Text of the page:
Ever so often there are inventions that simply blow our collective minds. Remember the first time someone called you from a mobile phone? Maybe they bragged that they were actually at the grocery store and talking on the phone at the same time. That was probably a moment of head shaking wonder and speculation as to what the next big thing might be as you listened on the phone attached to wall with a cord.
Fast-forward to today and it is challenging to answer a question without pulling out your smart phone to call someone or to do a Google search for the right answer. We check our bank accounts, send messages via text, and basically run our entire lives with the help of our phones. The invention of mobile phone technology was a game changer that fed our cultural desires for precision, quality, and the right answer immediately.
Another equally amazing invention that is predicted to rock our world is Additive Manufacturing or known otherwise as 3D printing. This technology was developed in the 1980’s and used huge printers to make plastic forms or “prints” of items. The practical applications of 3D printing are truly endless and the early innovators realized it quickly.
3D printers are much smaller now and have the flexibility to use a variety of print materials that include various plastic polymers, metal, glass, and the list continues to grow. Currently, a variety of companies use 3D printing to support rapid prototyping so products spend less time on the drawing board and more time making money. This application of the process allows companies to be more creative and test their products faster, for less money that ever before. Most recently, 3D printing technology was even used by the technological powerhouse, NASA, to create nickel alloy parts that will help power the next rocket to Mars.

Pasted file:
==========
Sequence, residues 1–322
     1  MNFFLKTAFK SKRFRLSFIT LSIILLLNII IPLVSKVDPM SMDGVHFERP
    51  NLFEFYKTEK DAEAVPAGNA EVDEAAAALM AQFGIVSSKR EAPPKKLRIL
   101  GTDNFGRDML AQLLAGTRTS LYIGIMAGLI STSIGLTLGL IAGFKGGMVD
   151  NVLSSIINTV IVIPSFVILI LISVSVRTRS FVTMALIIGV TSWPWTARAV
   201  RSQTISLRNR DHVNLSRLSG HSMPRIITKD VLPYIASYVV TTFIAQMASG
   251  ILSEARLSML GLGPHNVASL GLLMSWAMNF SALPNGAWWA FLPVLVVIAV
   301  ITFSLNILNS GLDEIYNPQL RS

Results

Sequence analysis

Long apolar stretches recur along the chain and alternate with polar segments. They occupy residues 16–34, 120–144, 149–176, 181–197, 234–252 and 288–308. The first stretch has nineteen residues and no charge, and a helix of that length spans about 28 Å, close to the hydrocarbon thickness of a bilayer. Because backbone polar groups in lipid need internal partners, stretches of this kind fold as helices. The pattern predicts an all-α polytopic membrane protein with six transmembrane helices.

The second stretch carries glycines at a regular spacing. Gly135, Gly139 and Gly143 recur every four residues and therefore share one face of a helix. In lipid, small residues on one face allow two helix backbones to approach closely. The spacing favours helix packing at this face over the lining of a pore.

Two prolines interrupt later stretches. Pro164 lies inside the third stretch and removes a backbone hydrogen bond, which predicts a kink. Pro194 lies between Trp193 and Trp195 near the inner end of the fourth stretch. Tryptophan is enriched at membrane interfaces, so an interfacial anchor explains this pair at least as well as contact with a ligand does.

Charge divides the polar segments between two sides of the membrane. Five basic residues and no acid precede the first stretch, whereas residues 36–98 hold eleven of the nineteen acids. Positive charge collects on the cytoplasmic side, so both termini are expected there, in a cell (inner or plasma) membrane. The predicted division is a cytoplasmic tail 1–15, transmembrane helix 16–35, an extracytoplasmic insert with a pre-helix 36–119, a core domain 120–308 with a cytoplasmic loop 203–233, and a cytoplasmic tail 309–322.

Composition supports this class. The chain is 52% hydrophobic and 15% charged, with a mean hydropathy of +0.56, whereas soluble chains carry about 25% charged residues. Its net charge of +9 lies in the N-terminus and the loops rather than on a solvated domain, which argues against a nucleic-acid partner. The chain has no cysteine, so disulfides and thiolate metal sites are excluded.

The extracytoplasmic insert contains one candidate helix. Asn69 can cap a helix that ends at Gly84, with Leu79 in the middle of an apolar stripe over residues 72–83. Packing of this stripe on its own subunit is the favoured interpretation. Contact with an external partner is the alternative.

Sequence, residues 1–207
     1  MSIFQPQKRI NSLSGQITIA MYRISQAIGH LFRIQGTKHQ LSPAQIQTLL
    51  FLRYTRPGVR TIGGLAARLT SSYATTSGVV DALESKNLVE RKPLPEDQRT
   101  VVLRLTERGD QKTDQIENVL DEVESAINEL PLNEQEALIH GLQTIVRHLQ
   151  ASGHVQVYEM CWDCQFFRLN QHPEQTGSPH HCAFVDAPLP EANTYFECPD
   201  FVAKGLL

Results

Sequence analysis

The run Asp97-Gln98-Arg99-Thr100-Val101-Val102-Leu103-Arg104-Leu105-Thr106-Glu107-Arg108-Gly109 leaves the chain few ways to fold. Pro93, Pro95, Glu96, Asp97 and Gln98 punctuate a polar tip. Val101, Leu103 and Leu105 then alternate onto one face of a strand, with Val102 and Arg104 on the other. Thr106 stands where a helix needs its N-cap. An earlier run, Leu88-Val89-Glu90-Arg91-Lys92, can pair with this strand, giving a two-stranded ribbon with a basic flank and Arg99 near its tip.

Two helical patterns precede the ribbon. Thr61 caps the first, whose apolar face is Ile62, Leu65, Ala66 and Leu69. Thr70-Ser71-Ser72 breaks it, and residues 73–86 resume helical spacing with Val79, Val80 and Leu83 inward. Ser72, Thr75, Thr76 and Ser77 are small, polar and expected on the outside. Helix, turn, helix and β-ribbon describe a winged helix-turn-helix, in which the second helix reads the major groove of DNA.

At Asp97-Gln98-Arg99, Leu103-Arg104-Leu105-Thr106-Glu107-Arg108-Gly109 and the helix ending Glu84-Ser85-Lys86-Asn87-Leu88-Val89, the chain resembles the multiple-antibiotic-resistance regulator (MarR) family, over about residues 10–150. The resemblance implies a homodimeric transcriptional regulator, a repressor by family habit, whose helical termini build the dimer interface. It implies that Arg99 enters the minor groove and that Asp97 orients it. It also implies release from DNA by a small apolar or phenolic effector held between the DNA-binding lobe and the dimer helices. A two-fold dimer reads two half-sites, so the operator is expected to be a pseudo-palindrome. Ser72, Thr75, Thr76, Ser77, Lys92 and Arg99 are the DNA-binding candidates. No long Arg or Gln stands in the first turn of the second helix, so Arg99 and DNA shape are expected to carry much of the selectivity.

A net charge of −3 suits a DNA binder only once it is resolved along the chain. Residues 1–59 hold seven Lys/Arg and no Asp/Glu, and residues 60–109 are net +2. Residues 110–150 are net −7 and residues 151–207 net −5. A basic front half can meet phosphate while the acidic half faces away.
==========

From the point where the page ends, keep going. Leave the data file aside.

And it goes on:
Although it sounds crazy, 3D printers are fairly easy to understand. To perform a print, the machine first creates a blueprint of the item that will serve as the guide for the printing process. After the blueprint is created, the printer then separates the blueprint into cross sections and now the magic happens.
The printer then begins layering the material according to cross sections from the original blueprint. During the print process, the material layers are seamlessly bonded together to create a tough, usable product. Within a few minutes the item is completed and ready for use.
With all the research and development in the last twenty years on 3D printing it has quickly advanced to the point that an average consumer can now purchase a 3D printer for their use at home. Home 3D printers are quite a lot smaller than commercial 3D printers so home users are somewhat limited as to the size of what they can print. Nonetheless, it is now possible to buy a home 3D printer and quickly fabricate a stylish customized case for your mobile phone right before your eyes.
The most common material used in home 3D printing is plastic because it is light, useful in most applications, and economical. Home 3D printers are creating missing doorstops, art, jewelry, and a variety of other items to help households around the world fix what ever the problem is. And do not worry, they also provide bragging rights for everyone in the house to say, “I printed this thing at home!”
Erik Dries has extensive experience working with PSI Urethanes for multiple applications. He enjoys sharing his experiences on various blogs.
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